Rohr, Johann Friedrich
Rohr, Johann Friedrich, a prominent rationalist, was born July 30, 1777, at Rossbach, on the Saale, of humble parents, and early displayed mental qualities which induced his friends to provide him with opportunities for study. He was thus enabled to enter Leipsic University as a student of theology, and while there attended the lectures of Platner and Keil, and employed his mind in the examination of Kant's philosophy. Reinhard examined him for ministerial license, and recommended him as assistant preacher to the University Church. Transferred in 1802 to Pforta, he engaged in the study of modern languages, particularly English, and published a tabular view of English pronunciation (1803). Unpleasant relations with his colleagues led to his removal in the following year (1804). He next became pastor at Ostrau, near Zeitz, and remained in that station during sixteen years, at the end of which period he was called to be chief minister at Weimar; and to that position the government added the dignities of court preacher, ecclesiastical councillor, and general superintendent for the principality of Weimar, his duties, in addition to those connected with his relation to his parisl, including general visitations, examinations, inspection of the Weimar Gymnasium, and the filling of appointments. He held these positions from 1820 to 1848, when he died.
Rohr's historical significance grows out of the energy with which he asserted the theological position of vulgar rationalism. His views were for the first time presented in a connected scheme in Briefe uber den Rationalismus, etc. (Zeitz, 1813), whose train of ideas may be summarized as follows: Religious truth may be ascertained from revelation or from reason, the latter term denoting the natural, not cultured, judgment of the mind. If such truth is grounded on reason, the system of rationalism or naturalism will result, which is the only tenable system. This rationalism rejects all religious teachings which have not universal authority and a strict adaptation to moral ends; for the ultimate end of religion is a pure morality. There is in Christianity a theology or doctrine respecting God, and an anthropology or doctrine respecting man in his intelligent and moral nature, and also in his sensuality and consequent depravity; but it does not properly include a Christology, since opinions respecting the first expounder of a universal religion can form no part of that religion. Stripped of all additions to his personality made by the evangelists, Christ is simply a man, though the greatest, and even a unique, man. A subsequent work, entitled Grund- und Glaubenssatze d. evang.-prot. Kirche (1832), was intended to unite the Church for its protection against its Roman Catholic, and still more against its pietistic, adversaries, and to that end was sent to a number of theological faculties for their approval. The effort failed, however, even Rohr's fellow rationalists refusing to endorse his purpose. In the second and third editions (1834, 1844), he gave a summary of the essential teachings of the Gospel in specifically Christian language. There is a true God, who is proclaimed to us by Jesus Christ, the only begotten Son, and who deserves our profound veneration because of his perfections. This veneration can be truly rendered only by the cultivation of a sincerely virtuous character and life, and for this work we may hope for the aid of the Divine Spirit. As God's children, we may confidently look for his help in earthly troubles, and in the consciousness of moral weakness and unworthiness we may look for grace and mercy through Christ; while in death we may be assured of undying continuance and a better, retributive life.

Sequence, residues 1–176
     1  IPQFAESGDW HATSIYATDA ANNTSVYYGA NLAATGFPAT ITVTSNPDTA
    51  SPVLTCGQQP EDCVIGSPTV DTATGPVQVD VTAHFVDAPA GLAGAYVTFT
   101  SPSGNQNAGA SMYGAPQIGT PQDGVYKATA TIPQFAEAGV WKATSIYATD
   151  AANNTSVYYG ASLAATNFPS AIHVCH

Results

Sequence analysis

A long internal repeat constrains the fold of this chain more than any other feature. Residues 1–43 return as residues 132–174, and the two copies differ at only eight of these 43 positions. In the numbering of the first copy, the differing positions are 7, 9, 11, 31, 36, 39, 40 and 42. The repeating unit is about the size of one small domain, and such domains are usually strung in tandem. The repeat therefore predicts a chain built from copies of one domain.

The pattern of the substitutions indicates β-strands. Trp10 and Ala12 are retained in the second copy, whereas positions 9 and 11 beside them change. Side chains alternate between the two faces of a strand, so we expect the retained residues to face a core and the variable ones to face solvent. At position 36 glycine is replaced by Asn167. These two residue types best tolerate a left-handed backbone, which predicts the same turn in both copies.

It is needless to add that throughout his official life Rohr was engaged in controversy with the orthodox theologians of his time, e.g. Reinhard, Harms, Hahn, Hengstenberg, Sartorius, etc., whom he accused of literalism, want of progressiveness, and similar offenses. He was utterly incapable of appreciating the aims of such spirits as Schleiermacher, Twesten, etc., in the direction of a higher development within the limits of Protestant freedom; and in consequence of this incapacity, he blundered into a dispute with Hase on the occasion of the appearance of the Hutterus Redivivus written by the latter, which Hase ended by clearly demonstrating that the "rationalism of sound reason" is utterly unscientific and has no regard for the facts of history. His peculiar views and tempers are reflected also in his sermons. The moral element predominates, of course, and tne sunernatural is reduced to natural proportions. His Christologische Predigten (Weimar, 1831, 1837) are not Christological in character, exhibiting Jesus simply as "the pattern and example of true culture," etc. His casual sermons, however, sometimes present all the characteristics of truly religious discourse. His published homiletical works are very numerous.
In addition to the works already mentioned, we notice the Kritische prediger-Bibliothek, wihicih under various names he edited from 1810 to 1848: — Palastina zur Zeit Jesu (Zeitz, 1816; 8th ed. 184.): — Luther's Leben u. Wirken (ibid. 1817; 2d ed. 1828): — Die gute Sache d. Protestantismus (Leips. 1842), and others.